As part of my home education in disastrous festivals, I had been looking forward to this week’s premiere of Woodstock 99: Peace, Love, and Rage. Alas, while 22 years ago there was no escaping the live sets from the festival, in 2021 CE streaming an HBO documentary requires a Ph.D. in live streaming. So I had to make do with the trailer and a 2019 podcast: Break Stuff.
Woodstock 99 looms large in my memory. MTV NL must have had a few months where they played little else. Also, I had recorded my favorite act on VHS: The Offspring. I watched their show so often I was able to pinpoint the moment when their frontman Dexter Holland’s sunglasses were stolen. (One of the more little commented upon events of the festival.) Completely out of context and an ocean away, the fire-lit Red Hot Chili Peppers performance was magical.
Woodstock 99 was disastrous for many reasons, which the podcast explores in some detail. It touches upon poor planning, pricy water, lax security, and sexist violence. This I knew, more or less. Something I did not know, however, was the role music played in this—especially the music that was big at Woodstock 99: nü-metal.
After the festival went up in flames, one band was singled out for criticism: Limp Bizkit. It’s hilarious to be reminded of Limp Bizkit and especially Fred Durst, their lead singer. I listened to this music a lot. It may have even been my favorite music for some time. Yet it is so ridiculous, now. Nü-metal may be the music that worst stood the test of time of all 90s music. Nonetheless, Durst and Limp Bizkit didn’t create the chaos at Woodstock. They simply played their music.
Nü-metal came at an auspicious time in music history. As Steven Hyden explains in the podcast, rock music until Kurt Cobain had been a reasonably inclusive ordeal. If you liked some rock, you liked all. By the time of Limp Bizkit, however, rock fans had broken up into many different niches. These niches, consequently, were more homogeneous and less welcoming to others than rock had been. The niche Woodstock 99 catered to consisted mainly of angry white men. The music they liked was misogynistic, xenophobic, and violent. Not a great mix.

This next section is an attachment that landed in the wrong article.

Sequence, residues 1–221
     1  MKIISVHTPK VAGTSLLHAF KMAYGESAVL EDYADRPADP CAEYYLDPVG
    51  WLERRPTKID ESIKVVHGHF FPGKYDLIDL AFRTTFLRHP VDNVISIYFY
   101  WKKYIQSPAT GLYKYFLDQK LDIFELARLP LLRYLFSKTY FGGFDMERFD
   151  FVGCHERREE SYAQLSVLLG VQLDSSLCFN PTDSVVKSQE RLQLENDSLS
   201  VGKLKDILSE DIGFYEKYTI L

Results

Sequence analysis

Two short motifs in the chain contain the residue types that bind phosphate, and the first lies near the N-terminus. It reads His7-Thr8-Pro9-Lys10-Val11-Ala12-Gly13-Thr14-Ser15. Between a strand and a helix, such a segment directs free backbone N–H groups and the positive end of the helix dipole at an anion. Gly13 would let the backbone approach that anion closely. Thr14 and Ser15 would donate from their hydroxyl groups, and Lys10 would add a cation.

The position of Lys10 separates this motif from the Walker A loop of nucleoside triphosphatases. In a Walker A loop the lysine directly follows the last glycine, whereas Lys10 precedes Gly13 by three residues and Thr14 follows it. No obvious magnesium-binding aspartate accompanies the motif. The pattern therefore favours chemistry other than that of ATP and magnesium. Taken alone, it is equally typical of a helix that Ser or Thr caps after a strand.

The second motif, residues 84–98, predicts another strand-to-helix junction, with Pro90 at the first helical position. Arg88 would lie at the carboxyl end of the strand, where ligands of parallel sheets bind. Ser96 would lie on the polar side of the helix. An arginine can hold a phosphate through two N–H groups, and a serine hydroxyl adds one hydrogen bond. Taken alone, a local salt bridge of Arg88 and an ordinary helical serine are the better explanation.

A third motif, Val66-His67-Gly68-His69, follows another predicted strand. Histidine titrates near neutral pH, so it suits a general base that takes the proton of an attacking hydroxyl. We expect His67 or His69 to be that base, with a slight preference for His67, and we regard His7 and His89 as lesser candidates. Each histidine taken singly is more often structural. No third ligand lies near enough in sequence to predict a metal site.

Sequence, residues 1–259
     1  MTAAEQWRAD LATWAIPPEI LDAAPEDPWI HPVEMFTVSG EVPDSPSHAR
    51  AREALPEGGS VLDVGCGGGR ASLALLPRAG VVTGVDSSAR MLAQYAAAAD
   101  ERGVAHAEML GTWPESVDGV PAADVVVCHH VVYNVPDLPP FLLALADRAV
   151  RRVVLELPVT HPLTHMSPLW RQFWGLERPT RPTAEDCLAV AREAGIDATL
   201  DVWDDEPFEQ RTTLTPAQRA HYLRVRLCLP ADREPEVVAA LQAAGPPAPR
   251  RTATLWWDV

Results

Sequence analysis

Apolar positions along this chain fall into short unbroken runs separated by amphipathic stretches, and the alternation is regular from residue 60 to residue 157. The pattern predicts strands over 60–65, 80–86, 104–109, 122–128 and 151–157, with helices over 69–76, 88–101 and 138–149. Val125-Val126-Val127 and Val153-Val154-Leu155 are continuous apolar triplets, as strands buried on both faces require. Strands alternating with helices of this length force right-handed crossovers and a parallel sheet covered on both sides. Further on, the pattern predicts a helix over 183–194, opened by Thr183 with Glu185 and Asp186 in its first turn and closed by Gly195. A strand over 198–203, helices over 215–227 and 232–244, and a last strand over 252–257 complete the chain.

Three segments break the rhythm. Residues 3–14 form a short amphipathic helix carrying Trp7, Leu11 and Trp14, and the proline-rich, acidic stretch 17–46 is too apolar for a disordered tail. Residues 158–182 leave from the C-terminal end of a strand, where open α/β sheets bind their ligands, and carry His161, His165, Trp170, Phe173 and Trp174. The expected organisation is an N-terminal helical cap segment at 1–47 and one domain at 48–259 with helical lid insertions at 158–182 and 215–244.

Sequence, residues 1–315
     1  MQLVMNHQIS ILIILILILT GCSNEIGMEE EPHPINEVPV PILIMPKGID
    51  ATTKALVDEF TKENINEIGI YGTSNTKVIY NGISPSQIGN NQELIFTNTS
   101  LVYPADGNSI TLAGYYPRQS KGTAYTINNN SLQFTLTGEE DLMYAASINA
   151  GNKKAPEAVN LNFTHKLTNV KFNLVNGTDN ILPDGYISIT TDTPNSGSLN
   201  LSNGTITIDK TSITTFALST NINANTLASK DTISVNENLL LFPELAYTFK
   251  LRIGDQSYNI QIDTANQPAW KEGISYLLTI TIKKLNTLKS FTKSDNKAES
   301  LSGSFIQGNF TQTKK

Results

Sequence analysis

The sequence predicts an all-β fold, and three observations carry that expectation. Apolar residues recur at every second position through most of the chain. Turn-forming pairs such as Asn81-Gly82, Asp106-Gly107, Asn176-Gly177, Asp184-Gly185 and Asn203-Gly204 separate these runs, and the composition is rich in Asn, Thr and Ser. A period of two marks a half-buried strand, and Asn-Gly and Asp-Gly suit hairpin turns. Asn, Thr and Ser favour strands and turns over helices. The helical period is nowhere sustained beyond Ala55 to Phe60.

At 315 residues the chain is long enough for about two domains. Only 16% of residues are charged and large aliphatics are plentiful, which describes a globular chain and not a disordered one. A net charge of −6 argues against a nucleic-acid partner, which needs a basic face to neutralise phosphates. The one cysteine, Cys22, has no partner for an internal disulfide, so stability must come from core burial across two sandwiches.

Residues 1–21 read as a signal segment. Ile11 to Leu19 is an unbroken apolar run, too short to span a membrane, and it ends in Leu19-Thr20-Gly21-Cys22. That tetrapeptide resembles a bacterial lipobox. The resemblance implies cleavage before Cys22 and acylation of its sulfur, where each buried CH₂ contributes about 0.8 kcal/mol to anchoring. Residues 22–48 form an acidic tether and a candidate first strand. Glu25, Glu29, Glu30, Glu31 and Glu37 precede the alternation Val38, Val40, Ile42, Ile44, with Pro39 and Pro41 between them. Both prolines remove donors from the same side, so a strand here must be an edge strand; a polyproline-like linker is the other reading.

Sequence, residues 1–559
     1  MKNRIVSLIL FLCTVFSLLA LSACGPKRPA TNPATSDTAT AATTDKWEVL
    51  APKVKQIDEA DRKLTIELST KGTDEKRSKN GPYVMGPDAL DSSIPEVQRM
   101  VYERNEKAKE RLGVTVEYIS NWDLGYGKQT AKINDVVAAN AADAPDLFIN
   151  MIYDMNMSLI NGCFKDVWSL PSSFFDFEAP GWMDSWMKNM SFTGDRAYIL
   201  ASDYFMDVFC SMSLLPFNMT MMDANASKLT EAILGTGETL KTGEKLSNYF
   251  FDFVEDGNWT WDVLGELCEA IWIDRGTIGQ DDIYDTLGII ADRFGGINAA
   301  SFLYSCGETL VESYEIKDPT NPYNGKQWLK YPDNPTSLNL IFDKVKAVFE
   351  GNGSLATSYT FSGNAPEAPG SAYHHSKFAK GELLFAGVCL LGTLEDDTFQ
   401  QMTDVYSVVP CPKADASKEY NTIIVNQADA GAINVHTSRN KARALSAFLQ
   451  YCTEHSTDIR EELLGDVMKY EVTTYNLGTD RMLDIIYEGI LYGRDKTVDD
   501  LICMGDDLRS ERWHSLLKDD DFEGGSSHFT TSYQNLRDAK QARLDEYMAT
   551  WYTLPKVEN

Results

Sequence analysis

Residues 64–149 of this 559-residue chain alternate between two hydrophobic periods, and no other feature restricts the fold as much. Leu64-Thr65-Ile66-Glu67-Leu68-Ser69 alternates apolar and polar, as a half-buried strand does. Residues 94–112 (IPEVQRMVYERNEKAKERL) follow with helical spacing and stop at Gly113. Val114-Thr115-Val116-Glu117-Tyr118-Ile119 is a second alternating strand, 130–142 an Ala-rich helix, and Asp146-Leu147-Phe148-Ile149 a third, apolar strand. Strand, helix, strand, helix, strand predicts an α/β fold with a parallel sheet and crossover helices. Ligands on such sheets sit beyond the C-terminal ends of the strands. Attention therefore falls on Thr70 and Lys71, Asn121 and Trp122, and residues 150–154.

Most if not all music festivals I’ve ever been to were post-99. Popular ones had learned its lessons and combined diverse musical styles with affordable water. Others ignored the learnings but anticipated the chaos. Dour, in Belgium, stands out. It taught me that the French word for speed is vitesse and that an emergency rescue blanket is a staple of festival first aid. Elsewhere, I saw Limp Bizkit live. Many of these festivals catered to niche audiences, often akin to the Woodstock 99 niche. I’m not sure such events still exist, but to me, it was a liberation to discover musical genres that were more open, more welcoming, more diverse later in life.
It’s not very likely the festival we’re doing in September will go down like Woodstock 99. Or the Fyre Festival, for that matter. For starters, we didn’t book Limp Bizkit or Blink 182. I’m intrigued by the concept, though, of bringing hundreds of thousands of people together in a temporary world. And making something happen. Not break stuff, but build something, perhaps.
Thanks for reading! The next few updates will be, like this one, somewhat shorter and more limited in scope. Sorry! In two months, with the above dealt with, there will be many books to write (and podcasts to make) about our learnings. Stay safe!